We were also interested in how well our tools supported the ground operator in performing the tasks. We asked participants to rate the usefulness of each of six tools. Overall, participants found the simulation tools useful (1-not useful, 5-neutral, 9-very useful; see Fig. 3b). Information on the ACL, shared charts, the TSD, and CRM indicators were all rated, on average, as useful. Of specific interest was the ACL, which was designed to provide additional SA to the ground operators and aid in their support of multiple aircraft. In a separate question, participants agreement that the information on the ACL improved their SA (1-strongly disagree, 5-neutral, 9-strongly agree) was significantly higher than neutral (M = 7.00, SD = 1.5; t(1, 34) = 7.91, p < .001). After rating this item a nine, one pilot provided the following comment, "I would like to see a lot more info on the ACL. I really liked the concept."

The tools that were not rated as highly were the video feed of the Captain and the ability to add notes to the ACL. Many pilots acknowledged that video could be useful in some situations (e.g., pilot incapacitation), but that it was not useful in the scenarios used here. The ability to add notes to the ACL was also rated relatively poorly (only "somewhat useful"). This may have been due to the limited fidelity of the handoffs in this simulation. While entering information for themselves might not have been useful, the information entered by previous ground operators (as simulated by the information already in the box at the start of the scenario) presumably was useful. During debriefing, several pilots complained about the added workload of having to type information into the box, suggesting pull-down menus to insert commonly used items and automated entry based on telemetry.

As part of the debriefing, pilots were also asked to comment on the differences between the Hybrid and Specialist concepts. As reflected in the ratings data, pilots generally did not feel that safety or SA differed significantly between these two concepts. Most pilots agreed that there was some gain in SA from working aircraft prior to DA. However, two factors were brought up that mitigated this advantage in the minds of some pilots. First, in a real world situation, not all the aircraft would be in the Denver airspace. Ground operators would either have aircraft spread out all over the NAS, decreasing their awareness of weather and traffic in any particular region, or would have to only take aircraft in a specific region (handing them off as they entered or exited that region), which would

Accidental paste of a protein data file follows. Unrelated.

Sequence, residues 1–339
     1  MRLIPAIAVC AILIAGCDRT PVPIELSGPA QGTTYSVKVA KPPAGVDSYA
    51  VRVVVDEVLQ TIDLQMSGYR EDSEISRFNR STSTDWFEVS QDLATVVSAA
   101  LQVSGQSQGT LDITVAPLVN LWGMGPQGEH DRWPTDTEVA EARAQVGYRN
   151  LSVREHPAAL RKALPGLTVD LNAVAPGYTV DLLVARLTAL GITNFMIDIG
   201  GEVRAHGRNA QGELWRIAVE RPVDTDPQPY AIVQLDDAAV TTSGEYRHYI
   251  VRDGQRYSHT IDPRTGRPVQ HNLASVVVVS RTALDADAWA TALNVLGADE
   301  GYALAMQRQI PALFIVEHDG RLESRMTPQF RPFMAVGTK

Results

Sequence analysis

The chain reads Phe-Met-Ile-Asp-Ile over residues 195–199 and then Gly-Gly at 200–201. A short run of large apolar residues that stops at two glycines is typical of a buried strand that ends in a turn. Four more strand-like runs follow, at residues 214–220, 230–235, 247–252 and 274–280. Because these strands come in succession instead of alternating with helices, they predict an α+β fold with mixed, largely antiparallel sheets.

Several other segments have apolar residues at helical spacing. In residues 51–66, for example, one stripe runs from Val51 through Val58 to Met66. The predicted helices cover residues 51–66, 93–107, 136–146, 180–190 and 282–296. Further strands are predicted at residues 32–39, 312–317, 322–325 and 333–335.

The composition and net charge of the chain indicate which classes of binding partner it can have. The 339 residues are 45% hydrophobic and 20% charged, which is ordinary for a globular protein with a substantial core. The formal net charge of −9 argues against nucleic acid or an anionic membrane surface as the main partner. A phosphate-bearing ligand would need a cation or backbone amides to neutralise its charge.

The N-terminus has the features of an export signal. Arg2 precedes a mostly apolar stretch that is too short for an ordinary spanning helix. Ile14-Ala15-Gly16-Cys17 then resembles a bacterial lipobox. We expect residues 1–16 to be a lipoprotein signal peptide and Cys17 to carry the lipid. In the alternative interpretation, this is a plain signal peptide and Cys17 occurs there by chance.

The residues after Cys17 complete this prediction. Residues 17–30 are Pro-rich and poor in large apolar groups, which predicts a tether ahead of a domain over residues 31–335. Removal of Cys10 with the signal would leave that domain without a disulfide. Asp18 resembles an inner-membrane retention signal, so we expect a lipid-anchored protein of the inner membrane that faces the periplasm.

increase their workload (with the handoffs) and lower their awareness of specific aircraft. Second, many pilots seemed to have difficulty compartmentalizing the issues faced by different aircraft. When DA was requested, they felt the lack of a formal handoff of other aircraft and wanted to type more into the comments box on the ACL, or they felt confused about whether the aircraft they were currently handling or the previous call was the one with a given problem. These issues may explain the trend seen in the ratings data for the Specialist concept to be rated more highly than the Hybrid concept. It should be noted, however, that not all pilots had these concerns. Other pilots said that, once they received the call for DA, the previous aircraft disappeared from their minds.

4. Discussion and conclusion

The primary objective of this simulation was to determine how important it was that a ground operator has opportunities to acquire SA prior to being called on to assist an aircraft. Ideally, DA could be provided by the person most qualified to handle the specific issue. However, this is only possible if that person can acquire SA fast enough to perform effectively as a FO. Also, if ground operators are required to maintain SA on all flights, then you need more ground operators and the financial benefit of SPO might not be realized. The present analysis suggests that a ground operators' lack of initial SA when called on for DA is not an issue, at least when the GS displays present the environmental and systems data which are important to gaining overall SA of the specified aircraft. With appropriate displays, ground operators can jump in and provide assistance, even with minimal SA prior to getting this request. This, in turn, suggests either a Hybrid or Specialist concept of operation, with the appropriate tools and displays, may work.

The obvious caveat to this conclusion is that we only ran en route scenarios. The relatively short times our ground operators took to spool up could still be too long in an aborted landing or takeoff scenario. However, landings and takeoffs occur at predictable times and are known to be the most dangerous and highest workload phases of flight. It might make sense, therefore, to schedule DA for all arrivals and departures (a concept we call Harbor Pilot) [3], or indeed for any predictable events when the single pilot might be expected to be overloaded. For these events a ground operator could have the time to gather the important information they need before, or as a part of, jumping into DA.

Acknowledgements

We would like to acknowledge NASA's Airspace Systems Program - Concepts and Technology Development Project, which funded this research, and support provided by the Center for Human Factors in Advanced Aeronautics Technologies at California State University Long Beach, a NASA funded University Research Center.